So it is a moment of truth for Jesus when this leper comes to him and declares that if Jesus chooses, he could heal him. At one level, such acts were contributing to Jesus’ notoriety, which he did not desire, and he surely knew that to touch this man would render him unclean. Indeed, he was forced to go into the countryside, because he would not be welcome in the towns with this stigma of soiled skin in his own right, having touched and healed the man.
But at another level, the man’s petition presented Jesus with a greater challenge—one that struck more deeply in regards to who he was and what he was working for. We are told that Jesus was “moved with pity,” although that translation does not convey the full meaning of the Greek verb used by the gospel writer. Splagchnizomai literally means to be moved in one’s bowels—to feel a gut-wrenching compassion for the one who is suffering. The bowels were thought to be the seat of love and compassion, and so Jesus is moved by more than pity; he is moved to the point of taking on the suffering of his condition with the man. Recall that the word “compassion” literally means to “suffer with.”
So often, I think, we are prone to hearing the gospels stories from the point of view of those characters who interact with Jesus. That way, he can speak to us, he can touch us, he can inspire us. That is a worthwhile approach, to be sure, but I wonder how the gospels also invite us to step into Jesus’ shoes, and see what he sees, behave as if we are truly one body with him, as though he might dwell in us and we in him. Isn’t that what “taking up one’s cross” and “dying to self” is about?
My wife shared an excerpt this past week from a book she is reading, Cynthia Bourgeault’s book on Contemplative Prayer, which I think offers wisdom and insight into this paradoxical life to which we are called. Bourgeault writes:
“[Jesus’] idea of ‘dying to self’ was not through inner renunciation and guarding the purity of his being, but through radically squandering everything he had and was. In life, he horrified the prim and proper by dining with tax collectors and prostitutes, by telling parables about extravagant generosity, by giving his approval to acts of costly and apparently pointless sacrifice such as the woman who broke open the alabaster jar to anoint him with precious oil; by teaching always and everywhere, ‘lay not up for yourselves treasures on earth.’…
But he went his way, giving himself fully into life and death, losing himself, squandering himself, ‘gambling away every goft God bestows.’ It is not asceticism but tantra—love utterly poured out, [or to use Shakespeare’s words,] ‘consum’d with that which it was nourish’d by’ … [it is such radical love] that opens the gate to the Kingdom of Heaven. This is what Jesus taught and this is what he walked.”[i]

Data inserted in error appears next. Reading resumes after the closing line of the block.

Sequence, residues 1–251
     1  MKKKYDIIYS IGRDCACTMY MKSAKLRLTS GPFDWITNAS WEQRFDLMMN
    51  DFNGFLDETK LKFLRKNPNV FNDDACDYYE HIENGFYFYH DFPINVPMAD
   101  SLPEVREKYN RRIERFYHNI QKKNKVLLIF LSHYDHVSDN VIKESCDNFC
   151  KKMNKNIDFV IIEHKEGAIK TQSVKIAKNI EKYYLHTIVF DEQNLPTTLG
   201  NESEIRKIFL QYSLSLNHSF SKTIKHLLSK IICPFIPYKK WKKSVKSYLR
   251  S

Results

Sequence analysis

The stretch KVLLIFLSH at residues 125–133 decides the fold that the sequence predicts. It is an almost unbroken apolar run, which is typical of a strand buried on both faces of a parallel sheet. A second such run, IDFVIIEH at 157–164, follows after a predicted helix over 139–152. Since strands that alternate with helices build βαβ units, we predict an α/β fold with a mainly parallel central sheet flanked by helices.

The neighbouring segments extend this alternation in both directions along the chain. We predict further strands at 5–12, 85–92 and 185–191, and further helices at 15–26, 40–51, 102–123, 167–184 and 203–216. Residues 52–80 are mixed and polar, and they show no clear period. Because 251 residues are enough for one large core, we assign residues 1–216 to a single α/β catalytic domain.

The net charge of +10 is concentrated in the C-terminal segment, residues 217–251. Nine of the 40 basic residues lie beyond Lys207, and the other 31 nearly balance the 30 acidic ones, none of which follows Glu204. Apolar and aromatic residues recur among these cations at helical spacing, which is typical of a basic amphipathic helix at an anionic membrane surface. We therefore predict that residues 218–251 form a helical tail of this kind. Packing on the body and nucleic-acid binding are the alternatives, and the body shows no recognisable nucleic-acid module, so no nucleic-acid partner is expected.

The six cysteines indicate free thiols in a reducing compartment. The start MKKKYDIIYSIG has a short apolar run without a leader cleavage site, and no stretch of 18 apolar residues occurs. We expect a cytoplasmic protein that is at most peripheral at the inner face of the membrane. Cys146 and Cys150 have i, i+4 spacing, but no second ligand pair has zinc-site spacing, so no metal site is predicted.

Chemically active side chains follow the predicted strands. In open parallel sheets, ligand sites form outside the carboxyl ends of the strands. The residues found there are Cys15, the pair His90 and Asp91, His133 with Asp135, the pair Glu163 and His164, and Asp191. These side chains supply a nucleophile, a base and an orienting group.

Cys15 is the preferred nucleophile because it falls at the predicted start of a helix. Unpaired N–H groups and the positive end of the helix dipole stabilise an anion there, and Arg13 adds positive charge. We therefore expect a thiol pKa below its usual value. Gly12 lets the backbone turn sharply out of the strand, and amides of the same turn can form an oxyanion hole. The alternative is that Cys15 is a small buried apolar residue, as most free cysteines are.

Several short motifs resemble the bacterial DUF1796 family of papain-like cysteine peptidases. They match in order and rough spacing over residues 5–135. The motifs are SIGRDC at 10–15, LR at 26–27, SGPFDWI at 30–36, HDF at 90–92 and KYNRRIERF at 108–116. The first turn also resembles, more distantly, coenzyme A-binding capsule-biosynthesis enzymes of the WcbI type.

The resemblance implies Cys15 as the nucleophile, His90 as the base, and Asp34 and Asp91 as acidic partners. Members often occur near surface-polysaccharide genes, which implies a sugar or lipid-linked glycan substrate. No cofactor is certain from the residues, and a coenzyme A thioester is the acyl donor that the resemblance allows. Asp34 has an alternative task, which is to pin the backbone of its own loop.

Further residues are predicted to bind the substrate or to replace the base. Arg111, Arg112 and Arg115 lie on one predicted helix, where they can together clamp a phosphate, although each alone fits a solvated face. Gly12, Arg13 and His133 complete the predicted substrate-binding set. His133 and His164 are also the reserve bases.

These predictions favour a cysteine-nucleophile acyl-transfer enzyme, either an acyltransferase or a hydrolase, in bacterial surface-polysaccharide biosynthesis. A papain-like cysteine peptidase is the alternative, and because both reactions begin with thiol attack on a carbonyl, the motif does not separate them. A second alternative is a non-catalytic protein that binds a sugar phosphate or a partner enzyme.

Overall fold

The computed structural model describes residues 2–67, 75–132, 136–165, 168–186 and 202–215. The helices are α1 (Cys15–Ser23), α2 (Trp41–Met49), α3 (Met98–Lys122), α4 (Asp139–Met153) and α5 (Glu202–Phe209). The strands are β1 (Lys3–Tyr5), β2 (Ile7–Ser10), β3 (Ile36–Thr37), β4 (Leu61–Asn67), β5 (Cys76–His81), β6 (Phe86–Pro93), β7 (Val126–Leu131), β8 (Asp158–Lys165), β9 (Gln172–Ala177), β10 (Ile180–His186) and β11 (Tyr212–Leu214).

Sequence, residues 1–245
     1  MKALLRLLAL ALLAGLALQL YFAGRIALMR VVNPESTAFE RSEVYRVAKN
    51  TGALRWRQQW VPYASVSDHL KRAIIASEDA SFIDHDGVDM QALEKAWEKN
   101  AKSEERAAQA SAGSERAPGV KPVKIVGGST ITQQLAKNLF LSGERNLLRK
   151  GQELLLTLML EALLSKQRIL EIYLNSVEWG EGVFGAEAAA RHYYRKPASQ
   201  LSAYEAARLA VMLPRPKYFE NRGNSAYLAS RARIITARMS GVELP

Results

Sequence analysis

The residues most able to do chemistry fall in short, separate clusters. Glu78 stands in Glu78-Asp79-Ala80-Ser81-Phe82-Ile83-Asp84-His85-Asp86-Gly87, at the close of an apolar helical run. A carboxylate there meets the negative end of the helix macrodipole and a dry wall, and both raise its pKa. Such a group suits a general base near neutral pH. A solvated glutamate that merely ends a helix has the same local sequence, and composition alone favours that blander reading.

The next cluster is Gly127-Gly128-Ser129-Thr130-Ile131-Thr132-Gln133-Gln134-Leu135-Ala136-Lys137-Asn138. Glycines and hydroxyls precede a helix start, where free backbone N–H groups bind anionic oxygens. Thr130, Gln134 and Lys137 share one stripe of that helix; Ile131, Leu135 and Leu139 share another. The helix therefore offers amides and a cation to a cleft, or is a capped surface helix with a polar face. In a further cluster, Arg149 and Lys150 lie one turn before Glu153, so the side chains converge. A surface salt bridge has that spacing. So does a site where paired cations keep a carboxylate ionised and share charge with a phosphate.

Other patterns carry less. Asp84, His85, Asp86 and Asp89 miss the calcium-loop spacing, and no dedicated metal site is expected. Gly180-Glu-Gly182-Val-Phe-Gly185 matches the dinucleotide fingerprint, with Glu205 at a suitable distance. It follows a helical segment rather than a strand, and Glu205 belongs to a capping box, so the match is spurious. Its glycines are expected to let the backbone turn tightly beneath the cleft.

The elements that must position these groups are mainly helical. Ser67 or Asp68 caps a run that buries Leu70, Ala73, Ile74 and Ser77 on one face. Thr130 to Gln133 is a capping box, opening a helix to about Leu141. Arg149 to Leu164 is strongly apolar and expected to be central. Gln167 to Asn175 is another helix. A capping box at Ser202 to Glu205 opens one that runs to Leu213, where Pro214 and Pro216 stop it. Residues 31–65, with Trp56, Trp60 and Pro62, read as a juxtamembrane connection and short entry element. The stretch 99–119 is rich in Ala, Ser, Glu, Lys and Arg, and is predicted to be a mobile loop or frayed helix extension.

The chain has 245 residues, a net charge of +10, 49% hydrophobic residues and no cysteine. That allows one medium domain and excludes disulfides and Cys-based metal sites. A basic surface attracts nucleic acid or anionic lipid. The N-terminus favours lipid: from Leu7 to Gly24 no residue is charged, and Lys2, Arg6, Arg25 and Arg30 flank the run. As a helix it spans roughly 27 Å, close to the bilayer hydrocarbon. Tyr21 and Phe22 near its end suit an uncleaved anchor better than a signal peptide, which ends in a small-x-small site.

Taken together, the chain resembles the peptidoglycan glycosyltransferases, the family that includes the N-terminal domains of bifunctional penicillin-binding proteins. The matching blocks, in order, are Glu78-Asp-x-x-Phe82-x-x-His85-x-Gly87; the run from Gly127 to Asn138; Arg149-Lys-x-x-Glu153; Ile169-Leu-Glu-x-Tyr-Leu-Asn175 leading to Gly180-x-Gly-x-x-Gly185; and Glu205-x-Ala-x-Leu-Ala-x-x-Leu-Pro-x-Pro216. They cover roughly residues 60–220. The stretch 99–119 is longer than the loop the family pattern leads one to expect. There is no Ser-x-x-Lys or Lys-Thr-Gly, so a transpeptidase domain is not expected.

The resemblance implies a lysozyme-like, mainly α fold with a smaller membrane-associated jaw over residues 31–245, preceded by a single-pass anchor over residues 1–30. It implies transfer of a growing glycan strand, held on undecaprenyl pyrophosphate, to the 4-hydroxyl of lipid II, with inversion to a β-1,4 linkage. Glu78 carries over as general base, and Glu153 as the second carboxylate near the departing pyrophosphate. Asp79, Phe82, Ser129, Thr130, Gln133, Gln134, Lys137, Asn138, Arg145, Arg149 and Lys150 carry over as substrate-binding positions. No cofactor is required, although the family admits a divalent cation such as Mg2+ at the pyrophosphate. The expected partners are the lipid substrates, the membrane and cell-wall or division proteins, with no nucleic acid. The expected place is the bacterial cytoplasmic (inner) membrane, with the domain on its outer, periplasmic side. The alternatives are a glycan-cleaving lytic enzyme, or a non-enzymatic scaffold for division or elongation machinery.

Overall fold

Are you willing to love so recklessly that compassion wrenches your gut until that which you thought was true dies, and the real truth overwhelms you, fills your heart, brimful and broken, too? In that moment, you will give yourself over to the radical promise of God’s gift of YOU, just as Jesus did, fully into life and death, paradox that it is, and love is utterly poured out.
Now I am a physician and a priest, so I will tell you wear the gloves when you are supposed to, but do not let your heart be muted by such precautions. You have much to give, if you choose.
It was the Sufi mystic Rumi, whose poetry often contains the antidote for our proclivities to fear and immobilization and distance from one another, who wrote about this fullness of life:
Love is reckless, not reason.
Reason seeks a profit,
Love come on strong, consuming herself,
Yet in the midst of suffering
Love proceeds like a millstone,
Hard-surfaced and straight-forward.
Having died to self-interest,
She risks everything and asks for nothing.
Love gambles away every gift God bestows…[ii]
With this final line from Rumi as inspiration, Bourgeault concludes her thesis this way: “The most daring gamble of Jesus’ trajectory of pure love may just be to show us that self-emptying is not the means to something else; the act is itself the full expression of its meaning…the integral wholeness of Love manifested in the particularity of a human heart.”[iii]
You have such a heart, bursting with goodness and love, gifts given by God for your use, as you will. But beware, such gifts when nourished will not be isolated; no, your gifts of goodness and love are dying to be squandered in lavish compassion bestowed on those whose lives will be made better for your having touched them.
And so the petition is directed to us from one who is broken, hurting, in need of such a touch. Will we, like Jesus, respond recklessly in love and say “I do choose?”